The multicentre clinical study INVESTIGATE-SVDs uses MRI brain scans to assess microvascular function by measuring BBB permeability, CVR, and cerebral pulsatility. All regulatory approvals in three European countries have been obtained, MR protocols were harmonised across all study sites, novel software and operating procedures were developed to analyse imaging data. With the inclusion of the 48th patients out of 75 patients, we passed mid-term recruitment.

Microvascular matrisome
Collection of tissues from five distinct mouse models of SVD has been completed and a novel approach has been developed and validated to quantify microvascular matrisome changes in murine brain vessels. With this approach, we could identify matrisome proteins differentially expressed in SVDs. Our data revealed major changes in the microvascular matrisome associated with aging, which is consistent with aging as the major risk factor of SVD.
The multicentre clinical study ZOOM@SVDs aims to establish novel markers of microvascular dysfunction in patients with SVD. All ethical approvals in the Netherlands and Germany have been granted.. Meanwhile recruitment is nearly finished. In parallel, the MRI methods were refined and an analysis pipeline for pulsatility measurements was developed.

Inflammatory mechanisms
We have investigated four mouse models of SVDs at different ages using immunofluorescence confocal microscopy for immune cells and their location in the neurovascular unit. Our data show that infiltrating immune cells are not present in the different SVD models, suggesting that they do not contribute to SVD pathogenesis. However, altered resident immune cells, namely microglia, were found in several brain regions of the SVD mice suggesting that changes in the activation state of resident microglia may play a role pathogenesis of hypertension related SVDs.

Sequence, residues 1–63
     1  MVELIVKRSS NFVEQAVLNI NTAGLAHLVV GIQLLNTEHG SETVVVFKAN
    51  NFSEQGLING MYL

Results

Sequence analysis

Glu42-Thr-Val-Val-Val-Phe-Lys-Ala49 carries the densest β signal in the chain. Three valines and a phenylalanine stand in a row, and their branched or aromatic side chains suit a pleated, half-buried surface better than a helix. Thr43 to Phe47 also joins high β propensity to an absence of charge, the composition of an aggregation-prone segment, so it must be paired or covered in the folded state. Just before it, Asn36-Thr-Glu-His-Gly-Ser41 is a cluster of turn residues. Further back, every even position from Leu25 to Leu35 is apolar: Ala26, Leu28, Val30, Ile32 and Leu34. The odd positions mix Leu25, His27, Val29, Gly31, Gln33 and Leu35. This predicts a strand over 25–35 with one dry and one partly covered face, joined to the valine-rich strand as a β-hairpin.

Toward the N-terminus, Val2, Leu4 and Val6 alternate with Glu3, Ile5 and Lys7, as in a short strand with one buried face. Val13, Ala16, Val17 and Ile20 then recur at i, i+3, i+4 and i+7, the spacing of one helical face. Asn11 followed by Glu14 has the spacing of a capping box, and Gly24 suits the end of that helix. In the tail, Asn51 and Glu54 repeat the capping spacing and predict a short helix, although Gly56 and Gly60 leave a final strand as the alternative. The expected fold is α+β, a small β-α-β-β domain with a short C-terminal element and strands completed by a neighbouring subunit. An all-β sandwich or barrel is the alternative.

To relate immune cell characterization to post-mortem brain specimens of SVD patients we procured brain samples of sporadic cSVDs patients and controls from the Edinburgh brain bank. We will examine these specimens for immune cells, BBB dysfunction, matrisome and their association with white matter damage using immunohistochemistry. Circulating immune cells will be characterized in blood samples of patients from our clinical studies using flow cytometry. As of
The ambition of SVDs@target is to identify key mechanisms common to multiple SVDs and to validate novel mechanisms through intervention. Our approach – studying multiple SVDs in parallel and linking this with interventions for validation in animals and humans – is novel and devised to accelerate transfer to clinic. Our preliminary results already provide a better understanding of disease pathways leading from basic risk factors (genetics, environmental risk factors, vascular risk factors including hypertension) to functional deficits in small brain vessels, parenchymal brain lesions, and eventually key clinical manifestations of cerebral SVD, i.e. stroke and dementia – one of the most pressing health issues in the EU. They further provide new directions for clinical research, such as on the role of early life risk factors for stroke and dementia and the role of blood pressure variability for stroke and dementia risk.
SVDs@target: Scientific concept and approach taken by SVDs@target